For security, send Valentines the old-fashioned way

Security experts are girding themselves for an onslaught of bad love.

Just about every portal and online consumer site is offering some kind of Valentine's Day promotion. Many, including VH1's "Download Your Love" and Excite@Home, are offering digital greetings services to let you show loved ones how much you care.

E-mail administrators prefer you send your valentines the old-fashioned way.

Whether it is mailboxes overloaded with otherwise harmless Valentines greetings or a malicious, Italian-language variant of the "ILoveYou" virus, vendors, analysts and e-mail administrators are reminding users to remember the lessons learned from the Melissa and (English version) "ILoveYou" worms.

Don't open attachments, even from friends and relatives, unless you know what they contain. Worms, for example, propagate by getting into the address book of the infected user and then sending themselves out to everyone in the address book, with the user none the wiser.

IT professionals in the Security Focus Virus discussion group have already picked up on some potential threats, notably, an attachment called valentine.exe.

Though discussion group members have determined that this attachment is harmless -- beyond the imagery of a hairy, overweight man doing a pole dance -- they are still blocking all or most .exe attachments, because those are the most likely to contain viruses.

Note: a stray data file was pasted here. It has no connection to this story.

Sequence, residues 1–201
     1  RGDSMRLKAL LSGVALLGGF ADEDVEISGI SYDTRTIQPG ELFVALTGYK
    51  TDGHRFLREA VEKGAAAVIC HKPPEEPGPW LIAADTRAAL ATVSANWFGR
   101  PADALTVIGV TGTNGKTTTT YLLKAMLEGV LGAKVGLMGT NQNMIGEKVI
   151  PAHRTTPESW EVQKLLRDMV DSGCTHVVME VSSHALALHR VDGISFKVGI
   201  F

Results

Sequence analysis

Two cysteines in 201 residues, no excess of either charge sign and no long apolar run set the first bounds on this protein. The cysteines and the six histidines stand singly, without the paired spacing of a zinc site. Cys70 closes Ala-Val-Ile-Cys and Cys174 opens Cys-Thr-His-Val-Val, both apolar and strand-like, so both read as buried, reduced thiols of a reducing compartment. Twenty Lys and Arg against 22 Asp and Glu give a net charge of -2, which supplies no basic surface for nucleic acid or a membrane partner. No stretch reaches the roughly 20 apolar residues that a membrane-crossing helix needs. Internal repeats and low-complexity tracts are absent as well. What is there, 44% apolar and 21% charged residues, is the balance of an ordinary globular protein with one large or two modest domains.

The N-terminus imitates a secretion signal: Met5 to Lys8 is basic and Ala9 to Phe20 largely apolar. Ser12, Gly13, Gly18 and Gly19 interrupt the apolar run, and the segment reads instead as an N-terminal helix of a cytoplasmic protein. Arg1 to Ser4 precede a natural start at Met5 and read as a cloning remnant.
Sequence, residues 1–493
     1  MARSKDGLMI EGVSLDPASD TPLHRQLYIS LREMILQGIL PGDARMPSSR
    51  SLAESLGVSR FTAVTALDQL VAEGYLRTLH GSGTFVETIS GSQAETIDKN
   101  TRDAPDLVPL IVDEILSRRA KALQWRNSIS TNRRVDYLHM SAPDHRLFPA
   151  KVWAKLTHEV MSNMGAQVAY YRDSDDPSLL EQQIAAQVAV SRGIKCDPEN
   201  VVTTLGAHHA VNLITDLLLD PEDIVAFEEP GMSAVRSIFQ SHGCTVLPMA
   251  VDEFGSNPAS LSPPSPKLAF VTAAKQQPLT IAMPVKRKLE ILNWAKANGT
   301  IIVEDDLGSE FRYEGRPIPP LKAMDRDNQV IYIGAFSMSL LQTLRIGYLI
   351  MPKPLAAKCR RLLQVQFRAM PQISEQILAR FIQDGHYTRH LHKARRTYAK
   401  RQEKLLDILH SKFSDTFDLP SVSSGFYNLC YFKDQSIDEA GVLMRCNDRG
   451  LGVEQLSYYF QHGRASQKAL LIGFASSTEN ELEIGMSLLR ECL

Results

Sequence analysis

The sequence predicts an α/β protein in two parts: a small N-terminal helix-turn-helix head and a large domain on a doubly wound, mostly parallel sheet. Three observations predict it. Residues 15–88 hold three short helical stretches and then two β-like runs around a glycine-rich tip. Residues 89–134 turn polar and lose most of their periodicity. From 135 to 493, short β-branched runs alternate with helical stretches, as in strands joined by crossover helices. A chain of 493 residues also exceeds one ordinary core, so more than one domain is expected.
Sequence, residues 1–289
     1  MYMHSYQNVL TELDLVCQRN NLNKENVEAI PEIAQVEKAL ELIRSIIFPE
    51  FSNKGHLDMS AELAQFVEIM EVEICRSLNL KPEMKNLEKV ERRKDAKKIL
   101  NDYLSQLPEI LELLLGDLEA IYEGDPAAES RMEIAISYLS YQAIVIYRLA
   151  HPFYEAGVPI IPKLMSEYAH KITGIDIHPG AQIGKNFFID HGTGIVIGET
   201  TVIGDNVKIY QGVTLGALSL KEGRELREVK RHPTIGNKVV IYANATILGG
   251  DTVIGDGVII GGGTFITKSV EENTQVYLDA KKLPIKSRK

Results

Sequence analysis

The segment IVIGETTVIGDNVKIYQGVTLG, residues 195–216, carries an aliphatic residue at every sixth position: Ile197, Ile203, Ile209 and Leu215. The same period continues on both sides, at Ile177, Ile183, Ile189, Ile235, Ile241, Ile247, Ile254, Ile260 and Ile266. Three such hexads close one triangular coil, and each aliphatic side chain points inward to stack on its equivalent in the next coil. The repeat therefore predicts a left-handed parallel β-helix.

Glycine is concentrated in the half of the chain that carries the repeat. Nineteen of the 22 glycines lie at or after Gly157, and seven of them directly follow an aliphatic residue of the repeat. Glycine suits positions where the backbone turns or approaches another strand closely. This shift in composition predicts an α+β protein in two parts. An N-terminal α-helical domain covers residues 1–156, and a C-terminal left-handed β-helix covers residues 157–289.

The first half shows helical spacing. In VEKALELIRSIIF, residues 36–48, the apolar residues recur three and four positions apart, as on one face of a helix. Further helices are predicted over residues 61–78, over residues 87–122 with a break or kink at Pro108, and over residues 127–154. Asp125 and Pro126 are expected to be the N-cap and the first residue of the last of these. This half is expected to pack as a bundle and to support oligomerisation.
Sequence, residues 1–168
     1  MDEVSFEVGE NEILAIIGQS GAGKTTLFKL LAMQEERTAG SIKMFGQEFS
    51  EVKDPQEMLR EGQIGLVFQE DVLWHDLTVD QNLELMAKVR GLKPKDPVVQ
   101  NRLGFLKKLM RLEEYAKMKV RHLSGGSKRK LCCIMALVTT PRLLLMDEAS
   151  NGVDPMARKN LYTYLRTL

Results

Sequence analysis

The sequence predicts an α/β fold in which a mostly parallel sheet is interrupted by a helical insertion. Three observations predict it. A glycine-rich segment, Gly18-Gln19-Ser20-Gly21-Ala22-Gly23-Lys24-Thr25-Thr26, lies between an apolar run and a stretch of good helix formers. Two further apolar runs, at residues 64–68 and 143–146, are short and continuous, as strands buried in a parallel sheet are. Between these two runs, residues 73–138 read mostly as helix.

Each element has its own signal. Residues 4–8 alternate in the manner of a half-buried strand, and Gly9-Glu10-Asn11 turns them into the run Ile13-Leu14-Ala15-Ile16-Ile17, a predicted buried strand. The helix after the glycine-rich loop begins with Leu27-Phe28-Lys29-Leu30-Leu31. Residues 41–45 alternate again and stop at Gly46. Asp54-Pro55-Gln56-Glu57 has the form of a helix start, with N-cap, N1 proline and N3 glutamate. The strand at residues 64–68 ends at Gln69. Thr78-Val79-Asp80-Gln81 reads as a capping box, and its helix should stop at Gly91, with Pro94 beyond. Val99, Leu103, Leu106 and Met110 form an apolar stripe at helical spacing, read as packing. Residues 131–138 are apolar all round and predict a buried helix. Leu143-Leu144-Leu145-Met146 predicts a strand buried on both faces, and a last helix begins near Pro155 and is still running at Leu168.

Computer Associates has posted an advisory on the Italian Love Bug, whose header reads "C'e una cartolina per te!," which means, "Here's a postcard for you!"

The virus has done minimal damage according to antivirus software vendors, who report that few, if any, customers have been affected, according to the Sophos.com and Symantec Web sites.

"Trust is the Trojan horse of viruses," said analyst Robert Mahowald at research firm IDC. "Everybody needs to be on their guard."

While the threat of disastrous viral valentines may be real, the fear that they will create mass destruction to your computer is a bit of an urban legend, Mahowald said, because people are aware and afraid of the threat from them. "People are much more prepared now than they were 12 months ago," he said.

As a precaution, he added, there are software programs that "scrub" e-mails of suspect attachments as well as preventing spam blasts, he said.

Security Focus also posted a list of antivirus practices all users can follow.

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